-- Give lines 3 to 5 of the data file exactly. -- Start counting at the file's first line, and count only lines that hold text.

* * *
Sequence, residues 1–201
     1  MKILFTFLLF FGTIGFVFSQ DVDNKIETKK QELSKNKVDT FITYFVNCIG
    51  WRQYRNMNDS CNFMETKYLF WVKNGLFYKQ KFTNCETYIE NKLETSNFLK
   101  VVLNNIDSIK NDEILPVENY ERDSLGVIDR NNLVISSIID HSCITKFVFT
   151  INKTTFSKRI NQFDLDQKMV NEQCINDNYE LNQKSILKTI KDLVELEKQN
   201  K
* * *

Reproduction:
    51  WRQYRNMNDS CNFMETKYLF WVKNGLFYKQ KFTNCETYIE NKLETSNFLK
   101  VVLNNIDSIK NDEILPVENY ERDSLGVIDR NNLVISSIID HSCITKFVFT
   151  INKTTFSKRI NQFDLDQKMV NEQCINDNYE LNQKSILKTI KDLVELEKQN